Charles Elphinstone Fleeming was born on 18th June 1774, the son of John Elphinstone the 11th Lord Elphinstone. He entered the navy and served during the wars against the French commanding on a succession of vessels during the early years of the wars. At the age of twenty he was in command of the sloop Tisiphone. He managed to combine his naval career with periods of political activity and was elected Member of Parliament for the constituency of Stirlingshire in January 1802. On the death of his grandmother, he assumed the additional name of Fleeming. While in command of the 40 gun Egyptienne, Fleeming learned that also serving on his ship as a midshipman was future Admiral Charles John Napier. The two men were on bad terms that would later lead to Napier challenging Fleeming to a duel. The two men met on the appointed day but common sense prevailed and the two men were reconciled by their seconds and no duel took place. Fleeming was briefly Commander-in-Chief Portsmouth and succeeded Sir Thomas Hardy as Governor of the Greenwich Naval Hospital in September 1839. This proved to be a very contentious appointment which the daily newspapers of the time made great political capital from.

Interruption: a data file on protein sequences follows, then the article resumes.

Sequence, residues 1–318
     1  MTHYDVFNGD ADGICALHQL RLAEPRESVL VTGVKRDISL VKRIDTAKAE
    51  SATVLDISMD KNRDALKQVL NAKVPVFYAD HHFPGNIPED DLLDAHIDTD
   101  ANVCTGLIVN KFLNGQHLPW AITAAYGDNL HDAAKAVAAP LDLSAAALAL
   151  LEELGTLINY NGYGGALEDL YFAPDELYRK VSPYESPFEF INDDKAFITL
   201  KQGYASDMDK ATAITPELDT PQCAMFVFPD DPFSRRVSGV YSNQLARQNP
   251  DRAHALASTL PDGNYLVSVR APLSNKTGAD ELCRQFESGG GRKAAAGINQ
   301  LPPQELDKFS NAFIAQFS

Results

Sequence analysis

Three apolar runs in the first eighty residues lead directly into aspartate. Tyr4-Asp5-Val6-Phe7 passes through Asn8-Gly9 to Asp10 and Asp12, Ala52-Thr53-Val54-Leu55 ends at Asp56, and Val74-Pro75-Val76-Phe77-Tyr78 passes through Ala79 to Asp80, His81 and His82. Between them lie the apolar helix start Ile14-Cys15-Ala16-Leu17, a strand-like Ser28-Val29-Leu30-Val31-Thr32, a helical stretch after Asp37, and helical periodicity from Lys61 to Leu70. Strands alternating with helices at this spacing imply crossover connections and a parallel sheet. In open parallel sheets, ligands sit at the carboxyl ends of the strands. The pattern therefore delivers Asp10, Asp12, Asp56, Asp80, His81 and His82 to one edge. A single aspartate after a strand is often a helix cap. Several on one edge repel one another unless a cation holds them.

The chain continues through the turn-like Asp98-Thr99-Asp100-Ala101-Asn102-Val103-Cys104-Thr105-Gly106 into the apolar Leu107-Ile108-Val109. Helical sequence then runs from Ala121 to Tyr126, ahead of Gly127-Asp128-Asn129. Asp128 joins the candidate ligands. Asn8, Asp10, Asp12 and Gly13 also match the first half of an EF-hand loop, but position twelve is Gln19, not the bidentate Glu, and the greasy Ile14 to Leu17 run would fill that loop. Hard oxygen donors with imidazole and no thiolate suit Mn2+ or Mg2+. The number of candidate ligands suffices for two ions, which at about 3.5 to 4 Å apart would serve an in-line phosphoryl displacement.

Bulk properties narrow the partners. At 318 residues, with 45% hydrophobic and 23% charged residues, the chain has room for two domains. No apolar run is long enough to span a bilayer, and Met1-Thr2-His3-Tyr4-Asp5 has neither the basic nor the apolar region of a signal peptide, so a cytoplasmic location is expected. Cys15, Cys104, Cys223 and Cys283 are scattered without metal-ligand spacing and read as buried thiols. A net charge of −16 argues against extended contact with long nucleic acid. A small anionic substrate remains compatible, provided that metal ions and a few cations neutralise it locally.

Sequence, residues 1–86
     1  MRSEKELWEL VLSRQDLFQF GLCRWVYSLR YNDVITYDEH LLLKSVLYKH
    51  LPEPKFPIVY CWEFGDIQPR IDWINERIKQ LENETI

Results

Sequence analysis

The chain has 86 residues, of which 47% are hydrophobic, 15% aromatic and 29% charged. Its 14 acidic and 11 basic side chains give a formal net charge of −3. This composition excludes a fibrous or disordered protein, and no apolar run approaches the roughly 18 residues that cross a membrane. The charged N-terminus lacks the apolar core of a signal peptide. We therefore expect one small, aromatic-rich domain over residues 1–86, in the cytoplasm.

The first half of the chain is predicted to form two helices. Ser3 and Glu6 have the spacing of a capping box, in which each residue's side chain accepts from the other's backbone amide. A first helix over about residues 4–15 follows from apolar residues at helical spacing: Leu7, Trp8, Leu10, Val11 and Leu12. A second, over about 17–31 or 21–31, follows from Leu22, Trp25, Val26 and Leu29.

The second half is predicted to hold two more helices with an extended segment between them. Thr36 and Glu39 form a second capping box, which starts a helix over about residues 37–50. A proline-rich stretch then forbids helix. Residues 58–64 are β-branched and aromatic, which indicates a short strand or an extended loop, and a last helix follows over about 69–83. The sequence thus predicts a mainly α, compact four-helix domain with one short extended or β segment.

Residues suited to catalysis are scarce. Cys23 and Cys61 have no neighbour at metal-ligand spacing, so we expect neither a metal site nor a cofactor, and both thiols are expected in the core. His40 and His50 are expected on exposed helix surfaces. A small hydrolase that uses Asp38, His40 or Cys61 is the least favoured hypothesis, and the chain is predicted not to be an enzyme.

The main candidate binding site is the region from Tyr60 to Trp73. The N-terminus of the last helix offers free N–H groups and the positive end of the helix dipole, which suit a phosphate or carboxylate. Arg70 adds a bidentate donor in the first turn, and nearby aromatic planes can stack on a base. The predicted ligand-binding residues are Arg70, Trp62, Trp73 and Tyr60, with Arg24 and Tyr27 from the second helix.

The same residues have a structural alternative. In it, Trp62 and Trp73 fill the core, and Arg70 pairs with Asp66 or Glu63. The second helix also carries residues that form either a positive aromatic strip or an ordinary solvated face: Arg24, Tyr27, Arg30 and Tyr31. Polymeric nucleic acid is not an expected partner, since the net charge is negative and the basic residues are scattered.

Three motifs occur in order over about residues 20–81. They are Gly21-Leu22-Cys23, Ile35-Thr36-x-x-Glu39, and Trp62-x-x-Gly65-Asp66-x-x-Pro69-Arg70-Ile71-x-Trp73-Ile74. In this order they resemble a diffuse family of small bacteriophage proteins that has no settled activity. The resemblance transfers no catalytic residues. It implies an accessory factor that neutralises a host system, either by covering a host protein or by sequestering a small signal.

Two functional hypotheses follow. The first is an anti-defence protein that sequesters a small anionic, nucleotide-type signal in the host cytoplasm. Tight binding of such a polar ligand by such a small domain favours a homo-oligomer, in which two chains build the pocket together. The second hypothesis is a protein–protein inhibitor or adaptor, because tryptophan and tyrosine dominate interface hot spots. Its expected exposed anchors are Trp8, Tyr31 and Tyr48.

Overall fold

The brass memorial plaque to Admiral Fleeming in All Saints church

The admiral subsequently came to live in Leamington in a house in Dormer Place where he died on 30 October 1840 at the age of 66. His death was covered by the National newspapers which reported that he had been in Leamington ‘whither he had gone about a month ago to consult Dr Jephson, feeling his health severely attacked’. One of those who attended his funeral in All Saints was another of Nelson’s Band of Bothers Vice-admiral Sir Patrick Campbell [see above].

A fine picture of Sir James Samuarez’s squadron taking on provisions at Gibraltar in 1801 prior to re-engaging the Franco-Spanish combined fleet


So-called ‘cutting-out’ operations were extensively used in the Napoleonic Wars; in naval terms this meant a boarding attack by small rowing boats at night against an unsuspecting and anchored target. This picture shows Brenton’s ship ‘Spartan’ engaged in such an operation. In his memoirs Brenton recounted how when the ship’s boats returned to ‘Spartan’ they were filled with the dead and dying

Alan Griffin, December 2019